Clearly the statistics you feed into a predictor need to be corrected somehow for overtime games.  But there's another interesting overtime issue to consider:  What's the final score of an overtime game?

One choice is to use the score at the end of the overtime(s).  The other is to treat the game as a tie.  There are intuitive arguments in favor of both choices.  The fact that Syracuse beat Connecticut suggests that Syracuse is a better team, regardless of how many minutes that took, so we should treat the game as a win for Syracuse.  On the other hand, the teams were deadlocked for six overtimes, which suggests that they're about as equal as it is possible to be, regardless of whether one team or the other managed to win the game in the wee hours of the morning.

Or maybe the game should be treated as a tie for some statistics and not for others.

As longtime readers of this blog are aware, I'm a believer in doing whatever works best.  So in this case, I made two runs of my predictor, once treating overtime games as ties and once using the actual  final scores.   In my case, the predictor performed better treating overtime games as ties.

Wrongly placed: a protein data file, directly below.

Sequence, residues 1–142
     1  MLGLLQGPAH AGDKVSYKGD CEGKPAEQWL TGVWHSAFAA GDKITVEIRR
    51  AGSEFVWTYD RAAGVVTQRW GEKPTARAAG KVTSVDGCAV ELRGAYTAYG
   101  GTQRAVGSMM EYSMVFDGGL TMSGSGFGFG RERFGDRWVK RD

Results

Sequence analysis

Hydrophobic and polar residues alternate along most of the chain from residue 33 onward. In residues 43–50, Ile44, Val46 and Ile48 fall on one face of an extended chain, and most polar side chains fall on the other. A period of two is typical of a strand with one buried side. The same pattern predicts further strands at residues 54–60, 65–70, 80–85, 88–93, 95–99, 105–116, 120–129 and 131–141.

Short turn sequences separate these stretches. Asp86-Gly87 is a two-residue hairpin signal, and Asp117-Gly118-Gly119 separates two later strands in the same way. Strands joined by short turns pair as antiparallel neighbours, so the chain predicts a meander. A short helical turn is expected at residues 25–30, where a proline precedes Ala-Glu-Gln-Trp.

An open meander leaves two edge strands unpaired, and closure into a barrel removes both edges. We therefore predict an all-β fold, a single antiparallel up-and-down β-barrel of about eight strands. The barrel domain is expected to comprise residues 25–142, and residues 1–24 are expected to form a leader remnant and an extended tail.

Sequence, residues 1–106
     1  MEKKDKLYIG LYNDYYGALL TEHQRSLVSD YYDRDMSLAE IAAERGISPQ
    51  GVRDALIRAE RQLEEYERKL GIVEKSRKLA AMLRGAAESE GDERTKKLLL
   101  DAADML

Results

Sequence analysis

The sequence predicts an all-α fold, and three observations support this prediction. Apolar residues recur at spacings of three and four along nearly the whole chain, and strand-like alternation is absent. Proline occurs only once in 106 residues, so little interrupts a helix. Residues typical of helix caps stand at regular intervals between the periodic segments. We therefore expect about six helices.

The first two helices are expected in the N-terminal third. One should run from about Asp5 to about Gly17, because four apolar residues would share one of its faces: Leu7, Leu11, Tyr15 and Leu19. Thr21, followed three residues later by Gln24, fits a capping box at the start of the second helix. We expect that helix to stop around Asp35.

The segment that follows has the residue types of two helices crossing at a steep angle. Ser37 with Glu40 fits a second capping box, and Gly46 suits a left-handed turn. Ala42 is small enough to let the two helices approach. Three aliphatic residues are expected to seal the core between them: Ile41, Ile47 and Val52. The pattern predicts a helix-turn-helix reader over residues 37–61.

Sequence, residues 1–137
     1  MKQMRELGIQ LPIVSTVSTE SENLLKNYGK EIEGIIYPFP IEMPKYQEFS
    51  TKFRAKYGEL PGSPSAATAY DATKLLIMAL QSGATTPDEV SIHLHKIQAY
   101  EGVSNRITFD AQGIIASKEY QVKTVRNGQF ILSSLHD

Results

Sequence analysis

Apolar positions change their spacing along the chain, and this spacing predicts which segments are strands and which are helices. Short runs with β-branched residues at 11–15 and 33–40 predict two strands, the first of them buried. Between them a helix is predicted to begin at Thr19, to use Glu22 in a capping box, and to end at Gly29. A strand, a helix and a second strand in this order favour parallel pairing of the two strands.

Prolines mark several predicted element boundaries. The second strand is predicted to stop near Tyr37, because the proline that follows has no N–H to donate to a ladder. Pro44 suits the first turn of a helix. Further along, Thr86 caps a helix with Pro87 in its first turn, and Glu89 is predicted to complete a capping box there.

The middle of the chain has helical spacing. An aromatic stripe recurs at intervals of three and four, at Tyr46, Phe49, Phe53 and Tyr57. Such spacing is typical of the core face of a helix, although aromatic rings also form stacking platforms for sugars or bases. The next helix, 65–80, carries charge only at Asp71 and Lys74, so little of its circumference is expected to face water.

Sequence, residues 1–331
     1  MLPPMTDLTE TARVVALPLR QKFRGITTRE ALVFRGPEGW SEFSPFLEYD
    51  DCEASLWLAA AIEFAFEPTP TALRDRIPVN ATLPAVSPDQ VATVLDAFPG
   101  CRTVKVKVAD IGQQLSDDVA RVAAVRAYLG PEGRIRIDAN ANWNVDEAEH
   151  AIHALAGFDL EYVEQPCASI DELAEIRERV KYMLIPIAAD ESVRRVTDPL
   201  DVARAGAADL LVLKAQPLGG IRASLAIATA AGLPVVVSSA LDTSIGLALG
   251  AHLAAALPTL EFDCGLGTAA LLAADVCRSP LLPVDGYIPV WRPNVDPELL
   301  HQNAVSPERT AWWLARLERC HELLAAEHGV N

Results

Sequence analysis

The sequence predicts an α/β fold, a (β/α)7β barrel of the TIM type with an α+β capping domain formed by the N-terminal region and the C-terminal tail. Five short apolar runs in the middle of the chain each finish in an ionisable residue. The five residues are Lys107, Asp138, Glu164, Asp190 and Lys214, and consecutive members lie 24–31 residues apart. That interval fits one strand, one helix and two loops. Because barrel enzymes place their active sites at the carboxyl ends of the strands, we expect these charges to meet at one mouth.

Another possibility is to treat the final score of an overtime game as 1 or -1 (or 0.1 and -0.1 if your predictor can handle that), depending upon which team wins the overtime period(s).  This retains the won/loss information, but otherwise treats the game as (nearly) a tie.

For those of you who also have predictors, I encourage you to try the same experiment and report back which choice (if either) works better for you.

Sunday, December 6, 2015

A Few Funny Things

When I logged in to work on this post, I noticed that my blog had 100,000 page views.  Since I have an audience of like six people, you guys must be checking my pages a lot.  Good job!  Anyway, I've been spending some time lately getting my data scraping working, and that always involves a few trips through the bowels of data validation.

First stop is this game.  I was running the predictor when it warned me about an unusual event:  a conference game in early November.  Unusual, but it happens (often a Big5 game).  What was more surprising was that it was a team playing itself.  According to the predictor, UNC Greensboro had come up with the clever notion of scheduling a home game against itself.  Or maybe it was on the road.